JACKSON -- A dangerous chemical is seeping underground in Jackson, and the number of families being forced out of their homes is growing. It's all because a gasoline pipeline leak is contaminating their wells with benzene.
Since the initial burst almost two weeks ago, the pipeline's owner, West Shore Pipe Line has repaired and restarted the pipeline, but the effects are far from over. The testing area has now been expanded, and some homeowners fear the trouble may just be beginning.
"I was surprised there was a pipeline over there," neighbor Greg Holt said.
Like many homeowners in the subdivision, Holt didn't know the 650-mile long, 10-inch diameter pipeline that transports gasoline, diesel and jet fuel to Green Bay from Chicago, was near his home until he saw crews working on repairs.
Now, he's even more concerned. He lives about a ¼ mile away from the leak site and worries that he could possibly be in harm's way.
"A girl came over and said they were going to test our wells," Holt said.
"They could have gave us a heads up to what was going on," neighbor Tammy Tetzlaff said.
Neighbors who gathered with Tetzlaff felt they should have been contacted earlier. It wasn't until Saturday, July 28th that workers went door to door testing an additional 20 wells, as requested by the Department of Natural Resources.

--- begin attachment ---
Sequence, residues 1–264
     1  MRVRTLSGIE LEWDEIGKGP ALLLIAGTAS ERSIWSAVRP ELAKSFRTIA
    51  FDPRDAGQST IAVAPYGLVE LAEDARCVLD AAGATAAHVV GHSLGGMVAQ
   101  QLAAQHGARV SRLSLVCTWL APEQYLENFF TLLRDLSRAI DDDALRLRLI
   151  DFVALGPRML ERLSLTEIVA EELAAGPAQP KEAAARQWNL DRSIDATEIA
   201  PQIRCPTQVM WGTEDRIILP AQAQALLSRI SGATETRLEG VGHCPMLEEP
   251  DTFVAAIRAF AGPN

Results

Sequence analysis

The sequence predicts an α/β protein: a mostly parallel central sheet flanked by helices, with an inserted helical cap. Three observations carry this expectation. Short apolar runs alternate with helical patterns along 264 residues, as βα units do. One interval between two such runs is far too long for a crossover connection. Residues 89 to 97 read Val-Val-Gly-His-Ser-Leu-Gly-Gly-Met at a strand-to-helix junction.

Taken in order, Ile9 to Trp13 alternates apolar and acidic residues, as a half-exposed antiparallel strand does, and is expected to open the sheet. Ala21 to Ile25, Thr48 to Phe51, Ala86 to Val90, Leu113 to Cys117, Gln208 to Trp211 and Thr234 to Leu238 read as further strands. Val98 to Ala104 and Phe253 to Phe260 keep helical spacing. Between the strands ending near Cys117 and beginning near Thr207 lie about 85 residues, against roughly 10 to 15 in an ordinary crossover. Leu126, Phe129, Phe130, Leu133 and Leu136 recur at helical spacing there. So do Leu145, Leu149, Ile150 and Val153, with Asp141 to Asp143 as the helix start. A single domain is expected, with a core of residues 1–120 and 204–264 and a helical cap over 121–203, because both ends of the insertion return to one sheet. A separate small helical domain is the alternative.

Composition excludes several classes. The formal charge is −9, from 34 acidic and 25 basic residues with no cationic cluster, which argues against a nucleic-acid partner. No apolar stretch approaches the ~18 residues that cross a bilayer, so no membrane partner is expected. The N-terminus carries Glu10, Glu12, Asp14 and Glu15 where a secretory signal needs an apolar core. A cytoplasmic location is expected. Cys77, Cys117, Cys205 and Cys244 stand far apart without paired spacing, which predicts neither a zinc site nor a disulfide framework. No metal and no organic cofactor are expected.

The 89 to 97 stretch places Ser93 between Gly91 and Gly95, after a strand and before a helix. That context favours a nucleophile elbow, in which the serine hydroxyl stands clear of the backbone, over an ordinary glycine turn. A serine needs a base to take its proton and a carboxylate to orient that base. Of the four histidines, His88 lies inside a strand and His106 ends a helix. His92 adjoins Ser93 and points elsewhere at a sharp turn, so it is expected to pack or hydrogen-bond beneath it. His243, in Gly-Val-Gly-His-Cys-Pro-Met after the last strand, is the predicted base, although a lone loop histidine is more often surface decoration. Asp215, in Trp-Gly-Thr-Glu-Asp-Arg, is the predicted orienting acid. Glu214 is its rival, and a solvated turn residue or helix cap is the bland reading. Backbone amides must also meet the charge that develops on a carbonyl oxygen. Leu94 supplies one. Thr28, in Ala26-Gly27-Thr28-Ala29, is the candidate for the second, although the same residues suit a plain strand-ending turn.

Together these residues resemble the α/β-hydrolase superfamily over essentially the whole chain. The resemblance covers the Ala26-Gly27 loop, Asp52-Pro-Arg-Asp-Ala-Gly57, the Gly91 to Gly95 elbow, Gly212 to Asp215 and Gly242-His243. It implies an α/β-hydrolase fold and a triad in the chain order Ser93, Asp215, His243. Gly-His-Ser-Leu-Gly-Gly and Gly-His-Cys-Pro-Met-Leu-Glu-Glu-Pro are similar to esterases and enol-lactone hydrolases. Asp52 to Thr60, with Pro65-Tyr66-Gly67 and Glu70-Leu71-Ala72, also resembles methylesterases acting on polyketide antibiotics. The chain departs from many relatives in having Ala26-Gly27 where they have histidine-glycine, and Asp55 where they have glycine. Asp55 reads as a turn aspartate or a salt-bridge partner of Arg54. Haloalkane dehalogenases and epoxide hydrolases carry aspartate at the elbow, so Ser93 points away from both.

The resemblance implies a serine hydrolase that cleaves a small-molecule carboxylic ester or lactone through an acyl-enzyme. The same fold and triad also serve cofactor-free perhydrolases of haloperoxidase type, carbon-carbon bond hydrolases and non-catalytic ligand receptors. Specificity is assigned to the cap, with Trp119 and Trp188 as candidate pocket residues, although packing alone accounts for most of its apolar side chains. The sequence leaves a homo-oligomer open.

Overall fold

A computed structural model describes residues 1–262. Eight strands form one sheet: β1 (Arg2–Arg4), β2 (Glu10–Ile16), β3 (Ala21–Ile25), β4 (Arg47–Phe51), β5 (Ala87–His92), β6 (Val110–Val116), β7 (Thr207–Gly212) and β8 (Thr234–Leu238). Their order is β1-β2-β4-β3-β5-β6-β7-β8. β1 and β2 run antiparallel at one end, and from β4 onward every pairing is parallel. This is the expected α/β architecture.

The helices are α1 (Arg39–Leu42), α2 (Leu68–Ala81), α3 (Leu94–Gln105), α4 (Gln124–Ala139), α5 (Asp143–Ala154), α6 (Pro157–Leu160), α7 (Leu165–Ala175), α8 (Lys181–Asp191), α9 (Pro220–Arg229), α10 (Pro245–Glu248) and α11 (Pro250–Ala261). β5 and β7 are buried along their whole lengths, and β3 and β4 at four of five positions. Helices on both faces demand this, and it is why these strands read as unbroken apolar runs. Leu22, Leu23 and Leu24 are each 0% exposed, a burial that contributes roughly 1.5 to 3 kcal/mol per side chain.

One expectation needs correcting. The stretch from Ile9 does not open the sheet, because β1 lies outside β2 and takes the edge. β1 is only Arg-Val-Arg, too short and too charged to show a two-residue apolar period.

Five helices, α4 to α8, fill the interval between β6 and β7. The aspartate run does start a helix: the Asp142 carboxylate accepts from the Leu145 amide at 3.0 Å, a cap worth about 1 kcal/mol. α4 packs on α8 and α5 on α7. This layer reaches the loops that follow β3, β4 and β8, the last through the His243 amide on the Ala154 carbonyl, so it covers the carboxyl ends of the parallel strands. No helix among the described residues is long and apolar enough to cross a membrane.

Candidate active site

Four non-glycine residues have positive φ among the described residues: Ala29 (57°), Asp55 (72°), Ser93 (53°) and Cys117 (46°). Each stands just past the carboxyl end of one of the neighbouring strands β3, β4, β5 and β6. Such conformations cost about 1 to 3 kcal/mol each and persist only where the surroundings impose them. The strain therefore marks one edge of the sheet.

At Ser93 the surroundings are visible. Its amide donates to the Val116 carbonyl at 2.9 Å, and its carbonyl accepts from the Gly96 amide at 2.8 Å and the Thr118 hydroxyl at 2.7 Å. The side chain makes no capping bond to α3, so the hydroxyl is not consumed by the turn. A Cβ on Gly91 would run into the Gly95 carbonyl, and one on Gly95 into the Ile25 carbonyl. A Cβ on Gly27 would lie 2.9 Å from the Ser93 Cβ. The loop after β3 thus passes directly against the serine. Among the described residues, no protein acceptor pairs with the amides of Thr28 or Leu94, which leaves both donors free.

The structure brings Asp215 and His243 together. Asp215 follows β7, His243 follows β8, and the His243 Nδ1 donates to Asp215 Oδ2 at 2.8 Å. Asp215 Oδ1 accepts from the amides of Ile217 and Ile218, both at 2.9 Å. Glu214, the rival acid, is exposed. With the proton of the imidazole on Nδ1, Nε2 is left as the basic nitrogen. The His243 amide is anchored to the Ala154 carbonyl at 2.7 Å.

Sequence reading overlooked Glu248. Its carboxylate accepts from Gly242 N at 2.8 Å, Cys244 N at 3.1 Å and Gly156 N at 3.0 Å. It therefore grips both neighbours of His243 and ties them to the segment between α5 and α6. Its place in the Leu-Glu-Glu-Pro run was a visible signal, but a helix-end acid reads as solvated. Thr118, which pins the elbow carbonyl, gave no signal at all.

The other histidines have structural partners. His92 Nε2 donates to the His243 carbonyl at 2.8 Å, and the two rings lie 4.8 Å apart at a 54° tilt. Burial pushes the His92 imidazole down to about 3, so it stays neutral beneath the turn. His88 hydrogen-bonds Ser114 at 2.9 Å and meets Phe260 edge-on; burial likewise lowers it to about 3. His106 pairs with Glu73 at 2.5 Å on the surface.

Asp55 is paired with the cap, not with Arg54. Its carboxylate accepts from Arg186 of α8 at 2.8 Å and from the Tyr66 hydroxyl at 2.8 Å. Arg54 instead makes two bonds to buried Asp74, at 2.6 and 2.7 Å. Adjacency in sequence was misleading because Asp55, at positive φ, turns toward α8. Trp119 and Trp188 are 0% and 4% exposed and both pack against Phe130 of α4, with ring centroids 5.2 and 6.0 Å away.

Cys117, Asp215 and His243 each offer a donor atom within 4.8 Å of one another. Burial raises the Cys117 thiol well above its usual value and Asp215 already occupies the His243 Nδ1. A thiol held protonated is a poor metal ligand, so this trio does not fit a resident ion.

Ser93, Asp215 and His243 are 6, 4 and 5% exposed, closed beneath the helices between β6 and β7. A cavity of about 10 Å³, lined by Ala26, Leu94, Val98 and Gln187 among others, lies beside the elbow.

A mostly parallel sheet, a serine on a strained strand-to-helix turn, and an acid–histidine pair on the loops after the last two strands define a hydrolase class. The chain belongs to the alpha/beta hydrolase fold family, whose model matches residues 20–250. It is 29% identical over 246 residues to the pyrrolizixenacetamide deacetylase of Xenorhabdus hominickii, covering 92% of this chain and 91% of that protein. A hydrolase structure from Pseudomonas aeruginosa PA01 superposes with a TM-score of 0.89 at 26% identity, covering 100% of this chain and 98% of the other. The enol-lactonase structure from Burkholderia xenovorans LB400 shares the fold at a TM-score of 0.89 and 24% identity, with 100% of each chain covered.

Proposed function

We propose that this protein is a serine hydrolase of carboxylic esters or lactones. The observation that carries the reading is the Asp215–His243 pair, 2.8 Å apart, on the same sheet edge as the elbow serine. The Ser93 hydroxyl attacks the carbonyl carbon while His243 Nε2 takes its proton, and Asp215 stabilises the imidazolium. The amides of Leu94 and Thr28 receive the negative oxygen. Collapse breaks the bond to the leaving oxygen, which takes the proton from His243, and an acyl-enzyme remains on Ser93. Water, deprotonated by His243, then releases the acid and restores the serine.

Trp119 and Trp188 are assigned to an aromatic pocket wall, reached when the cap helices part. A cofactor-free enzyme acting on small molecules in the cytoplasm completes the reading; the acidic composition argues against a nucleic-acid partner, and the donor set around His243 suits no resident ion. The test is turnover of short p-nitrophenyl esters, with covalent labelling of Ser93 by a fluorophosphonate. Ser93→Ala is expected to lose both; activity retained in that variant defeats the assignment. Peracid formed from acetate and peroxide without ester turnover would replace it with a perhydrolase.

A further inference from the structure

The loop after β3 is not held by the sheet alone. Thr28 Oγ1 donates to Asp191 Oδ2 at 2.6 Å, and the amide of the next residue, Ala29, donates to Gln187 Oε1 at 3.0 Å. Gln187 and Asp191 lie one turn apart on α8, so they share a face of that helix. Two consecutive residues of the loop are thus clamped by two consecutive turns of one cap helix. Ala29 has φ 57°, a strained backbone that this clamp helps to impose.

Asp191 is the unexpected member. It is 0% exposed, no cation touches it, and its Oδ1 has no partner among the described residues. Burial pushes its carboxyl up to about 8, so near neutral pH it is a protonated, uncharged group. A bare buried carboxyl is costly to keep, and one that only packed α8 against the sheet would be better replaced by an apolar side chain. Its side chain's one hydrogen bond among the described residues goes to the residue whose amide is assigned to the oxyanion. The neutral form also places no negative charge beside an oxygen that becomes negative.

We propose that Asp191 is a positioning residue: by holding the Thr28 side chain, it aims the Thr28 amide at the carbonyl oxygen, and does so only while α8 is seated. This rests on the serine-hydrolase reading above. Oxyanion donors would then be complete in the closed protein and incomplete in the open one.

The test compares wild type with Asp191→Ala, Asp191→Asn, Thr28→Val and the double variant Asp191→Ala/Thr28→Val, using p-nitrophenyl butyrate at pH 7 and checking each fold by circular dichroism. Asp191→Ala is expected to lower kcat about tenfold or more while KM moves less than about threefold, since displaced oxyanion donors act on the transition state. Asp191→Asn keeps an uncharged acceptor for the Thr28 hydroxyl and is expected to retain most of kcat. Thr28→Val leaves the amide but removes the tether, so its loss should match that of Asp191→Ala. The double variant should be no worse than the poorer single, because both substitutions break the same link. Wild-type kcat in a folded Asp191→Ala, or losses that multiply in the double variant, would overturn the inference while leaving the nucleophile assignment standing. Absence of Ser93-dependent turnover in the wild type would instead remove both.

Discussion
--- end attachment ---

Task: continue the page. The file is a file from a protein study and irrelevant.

"Unfortunately we're going to have to shower in the water. Now that its starting to rain, we're really concerned that it's starting to leak into our wells," Tetzlaff said.
"We're afraid of what`s going to happen five years from now. Is this stuff going to be seeping underneath our foundation? Nobody can answer anything yet," Tim Dano said.
FOX6 News called Patrick Hodgins with West Shore Pipe Line. He tried to quell resident's fears.
"All evidence shows it was an instantaneous leak. We have already installed filtration systems. All the impacted soil has almost been completely removed from the release site," Hodgins said.
It will take a few days before residents will get their testing results. Until then they plan to drink bottled water, but they remain uneasy, and want to be kept in the loop.
"It really is the lack of information that's making everyone nervous," Tetzlaff said.
Hodgins said the state is asking the company to hold a town hall meeting in Jackson and they are in the process of setting that up. So far they have a tentative date for Tuesday, July 31st, but details are still being worked out.